Biosimilars have generated a lot of excitement in the UK since the launch of the first monoclonal-antibody biosimilars, Inflectra® and Remsima® (biosimilars of the drug Remicade® (infliximab)), in 2015, indicated for a range of auto-immune diseases.1*
Being comparable in terms of efficacy and safety, biosimilars have continued to expand into other therapeutic spaces in the UK, including osteoporosis, where the first bone-building biosimilar was launched in 2019 as Terrosa®▼ (teriparatide), with an alternative biosimilar of teriparatide launching shortly after.2,3
When accessing biosimilars, the step-by-step process begins with preparation and planning as new biosimilars become available. As Mr Davies explains, horizon scanning for new products, including biosimilars, allows pharmacists and clinicians to begin conversations around which treatments they’d like to offer their patients, so any administrative work required to access them is in place ahead of their availability.
Getting advocacy from everyone on the clinical team is the next step, one which Prof. Stone and Mr Davies agree is not always straightforward - especially where clinicians may not be familiar with biosimilars, and as is the case in the osteoporosis speciality, where there are multiple biosimilars available. The selection of a preferred biosimilar is an important part of this initial process.
To support his advocacy, Prof. Stone always looks to the data.
"From the clinician’s point of view, you want to be confident a biosimilar is going to do the same thing. And if you look at the data, you can be confident there’s bioequivalence [to the originator].
"For Terrosa, for example, there’s pharmacokinetics, blood calcium data, clinical bone density data and a comparable safety profile to support its equivalence."4,5
General biosimilar advocacy is increasing as familiarity with this type of drug continues to grow. However, even with the clinical support, the administrative work required to access them can still prohibit uptake.
Following a request from the clinical team, pharmacists within the Trust must next ensure the drug is available on their formulary, a process which differs across the UK at the local level. Usually this involves a business case submission, which lays out the supportive data and cost-benefit profile of the drug.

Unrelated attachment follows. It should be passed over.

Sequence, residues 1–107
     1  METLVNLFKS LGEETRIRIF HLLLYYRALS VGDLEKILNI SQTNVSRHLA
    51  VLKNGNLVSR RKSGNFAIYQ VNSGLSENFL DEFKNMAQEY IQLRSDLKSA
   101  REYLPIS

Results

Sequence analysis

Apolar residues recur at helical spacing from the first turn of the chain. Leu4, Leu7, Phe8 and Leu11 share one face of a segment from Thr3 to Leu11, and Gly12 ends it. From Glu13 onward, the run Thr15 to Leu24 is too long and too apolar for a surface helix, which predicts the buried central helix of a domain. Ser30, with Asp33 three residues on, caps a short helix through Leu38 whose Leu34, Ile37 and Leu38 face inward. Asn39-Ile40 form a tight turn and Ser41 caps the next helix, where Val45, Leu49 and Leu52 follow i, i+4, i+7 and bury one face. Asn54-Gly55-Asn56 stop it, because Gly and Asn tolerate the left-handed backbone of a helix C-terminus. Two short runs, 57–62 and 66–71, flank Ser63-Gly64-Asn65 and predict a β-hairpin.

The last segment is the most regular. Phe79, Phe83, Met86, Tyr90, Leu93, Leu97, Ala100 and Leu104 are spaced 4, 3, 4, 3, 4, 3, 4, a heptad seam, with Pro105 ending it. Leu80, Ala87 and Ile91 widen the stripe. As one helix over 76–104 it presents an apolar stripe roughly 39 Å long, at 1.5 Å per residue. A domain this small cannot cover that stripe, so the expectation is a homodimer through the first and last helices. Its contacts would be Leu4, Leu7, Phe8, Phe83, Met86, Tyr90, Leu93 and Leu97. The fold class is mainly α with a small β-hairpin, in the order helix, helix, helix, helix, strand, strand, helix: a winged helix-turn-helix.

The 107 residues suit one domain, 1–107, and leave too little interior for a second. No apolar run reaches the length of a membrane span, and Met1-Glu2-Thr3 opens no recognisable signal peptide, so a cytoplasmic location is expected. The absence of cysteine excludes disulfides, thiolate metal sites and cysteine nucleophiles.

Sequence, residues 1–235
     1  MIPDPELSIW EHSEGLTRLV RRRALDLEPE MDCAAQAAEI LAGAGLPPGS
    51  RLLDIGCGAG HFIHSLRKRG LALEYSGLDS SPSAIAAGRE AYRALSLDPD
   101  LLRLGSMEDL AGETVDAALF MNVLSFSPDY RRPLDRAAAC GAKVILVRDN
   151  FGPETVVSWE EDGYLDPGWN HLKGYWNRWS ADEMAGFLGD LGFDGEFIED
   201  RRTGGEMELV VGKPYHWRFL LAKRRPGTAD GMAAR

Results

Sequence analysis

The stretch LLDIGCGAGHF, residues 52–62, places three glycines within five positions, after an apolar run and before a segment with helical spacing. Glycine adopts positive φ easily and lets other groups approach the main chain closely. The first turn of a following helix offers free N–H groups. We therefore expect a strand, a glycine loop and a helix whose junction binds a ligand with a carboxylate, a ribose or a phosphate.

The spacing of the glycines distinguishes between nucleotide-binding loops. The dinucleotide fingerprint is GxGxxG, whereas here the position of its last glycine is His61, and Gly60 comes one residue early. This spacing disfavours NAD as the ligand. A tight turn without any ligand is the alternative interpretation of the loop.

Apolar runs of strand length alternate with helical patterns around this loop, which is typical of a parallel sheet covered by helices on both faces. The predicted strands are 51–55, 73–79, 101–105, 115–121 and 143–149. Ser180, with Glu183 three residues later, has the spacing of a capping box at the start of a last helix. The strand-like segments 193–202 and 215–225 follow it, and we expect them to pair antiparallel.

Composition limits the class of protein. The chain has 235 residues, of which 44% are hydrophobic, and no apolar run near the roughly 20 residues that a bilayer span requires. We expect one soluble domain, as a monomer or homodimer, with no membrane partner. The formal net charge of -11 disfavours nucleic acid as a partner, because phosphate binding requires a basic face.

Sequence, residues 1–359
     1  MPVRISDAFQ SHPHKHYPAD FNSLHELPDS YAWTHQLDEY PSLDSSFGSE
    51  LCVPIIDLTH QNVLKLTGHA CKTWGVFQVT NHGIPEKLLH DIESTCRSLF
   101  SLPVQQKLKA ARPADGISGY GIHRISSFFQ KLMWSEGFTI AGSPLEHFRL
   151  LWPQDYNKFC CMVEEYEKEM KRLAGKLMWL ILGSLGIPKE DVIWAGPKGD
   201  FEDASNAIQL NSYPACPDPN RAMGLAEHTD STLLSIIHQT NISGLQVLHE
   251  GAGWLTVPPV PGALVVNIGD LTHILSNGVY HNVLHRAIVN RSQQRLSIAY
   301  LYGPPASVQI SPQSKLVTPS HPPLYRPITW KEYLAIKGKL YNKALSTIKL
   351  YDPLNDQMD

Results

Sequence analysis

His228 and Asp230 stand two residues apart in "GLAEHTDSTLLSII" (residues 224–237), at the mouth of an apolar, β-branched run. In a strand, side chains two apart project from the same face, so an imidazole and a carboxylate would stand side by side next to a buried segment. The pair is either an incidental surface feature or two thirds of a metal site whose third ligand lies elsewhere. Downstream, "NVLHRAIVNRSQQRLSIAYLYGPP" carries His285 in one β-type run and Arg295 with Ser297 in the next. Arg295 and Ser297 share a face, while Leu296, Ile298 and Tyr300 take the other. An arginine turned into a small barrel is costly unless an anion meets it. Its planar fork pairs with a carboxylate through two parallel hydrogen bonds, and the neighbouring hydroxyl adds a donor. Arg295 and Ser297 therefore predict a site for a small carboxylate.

Some pharmaceutical companies provide formulary packs, explaining the clinical data for a product, to support these submissions but cannot completely carry the burden. Although, given the cost-savings, which in England alone is potentially £200 million to £300 million per year by 2020/2021 for biosimilars in general, Prof. Stone considers it a “no-brainer”.6
"Even if the cost benefit isn’t given directly to the department, it would almost be unethical not to help the patients and save the NHS money at the same time".
Fortunately, as biosimilars become more widely used, the work required to access them becomes easier to navigate. Ms Underhill notes how now, with NICE approval, biosimilars are automatically added to the formulary in her trust where the originator drug is already on the formulary.
Illustrated by the case of Terrosa locally, Mr Davies explains that there was very little administrative work to complete, especially as Terrosa was the first biosimilar of teriparatide and it was only used in one speciality.
The benefits reaped from using biosimilars can be another way to leverage support, both from the clinical team, but also the commissioners such as Health Boards and Clinical Commissioning Groups (CCG).
Following approval from NICE, these bodies commission the use of high cost drugs and would usually absorb any savings. However, it is possible for pharmacists to reach out to their commissioners to agree that a proportion of the cost savings are returned to the department who are making the effort to implement biosimilars. They are therefore a stakeholder to reach out to early on.